My regular game of badminton with Cesarani (what he called “badders”) was the highlight of the week for me. He was a marathon runner but, although I am exceedingly unfit, I had played the game since my youth so we were a good match. As he rushed about the court covering every single inch of it, I put the shuttlecock to the left, to the right, to the back, and to the front, and invariably won the point. In retrospect, I now regard our weekly games of badminton as a metaphor for our differences. Cesarani covered every inch of space with verve, dynamism, and resilience; I was the mere tactical specialist playing a few key shots like all academic specialists (who know more and more about less and less). And that was the difference between us. Cesarani was interested in everything and had an extraordinarily broad range of interests. He aspired to know and change as much as he could and succeeded in this task, whether it was the introduction of war crimes legislation; or the Imperial War Museum’s permanent Holocaust exhibition; or the speeding up of the claims of those who had property stolen by the Nazis (some of these claims are only now being processed). Capping all this will be the planned Holocaust commemoration and educational facility in central London, on which Cesarani also advised and which will be built over the coming years. He was, par excellence, a public intellectual, which meant that his boundless talents were not confined merely to the academy.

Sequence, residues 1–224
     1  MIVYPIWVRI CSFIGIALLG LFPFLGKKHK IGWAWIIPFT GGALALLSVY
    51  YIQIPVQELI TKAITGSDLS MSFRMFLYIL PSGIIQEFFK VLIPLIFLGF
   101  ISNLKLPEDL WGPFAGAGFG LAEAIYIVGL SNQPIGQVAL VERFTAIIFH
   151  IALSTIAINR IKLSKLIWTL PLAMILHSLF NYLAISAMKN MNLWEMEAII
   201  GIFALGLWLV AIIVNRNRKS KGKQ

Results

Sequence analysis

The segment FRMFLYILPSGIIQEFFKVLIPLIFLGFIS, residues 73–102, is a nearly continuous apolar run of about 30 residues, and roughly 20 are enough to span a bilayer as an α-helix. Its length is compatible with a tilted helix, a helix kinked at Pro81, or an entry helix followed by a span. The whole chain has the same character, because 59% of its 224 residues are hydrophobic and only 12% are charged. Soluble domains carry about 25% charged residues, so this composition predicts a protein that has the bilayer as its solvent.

That is the problem with institutions. Cesarani enriched all those fortunate enough to know him, or to be taught by him, beyond measure. But institutions, not least universities, like nothing more than measuring things, turning what we do into metrics. It would have amused him (perhaps resulting in a memorable belly-laugh) that the fate now awaiting his afterlife is his transformation into an institution. Lectures will be named after him; conferences will take place in his name; his book launches will happen without him; and memorials will be proposed. There are, obviously, much worse fates than this. But such a transformation (however ironic for such a mercurial and expansive intellectual) will only be a blessing if it offers some comfort to his wife, Dawn Waterman, and their children, Daniel and Hannah.